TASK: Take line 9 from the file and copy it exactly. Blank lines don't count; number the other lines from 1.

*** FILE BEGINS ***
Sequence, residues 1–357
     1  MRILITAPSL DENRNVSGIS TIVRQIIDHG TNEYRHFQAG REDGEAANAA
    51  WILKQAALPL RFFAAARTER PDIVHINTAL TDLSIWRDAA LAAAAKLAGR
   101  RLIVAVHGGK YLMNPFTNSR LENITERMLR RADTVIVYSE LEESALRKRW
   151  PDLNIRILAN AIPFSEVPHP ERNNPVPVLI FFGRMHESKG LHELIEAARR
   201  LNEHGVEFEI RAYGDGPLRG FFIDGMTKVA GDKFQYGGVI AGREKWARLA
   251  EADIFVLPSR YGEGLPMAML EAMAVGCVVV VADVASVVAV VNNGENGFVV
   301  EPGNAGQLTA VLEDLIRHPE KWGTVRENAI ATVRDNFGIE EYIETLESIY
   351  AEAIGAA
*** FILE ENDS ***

   351  AEAIGAA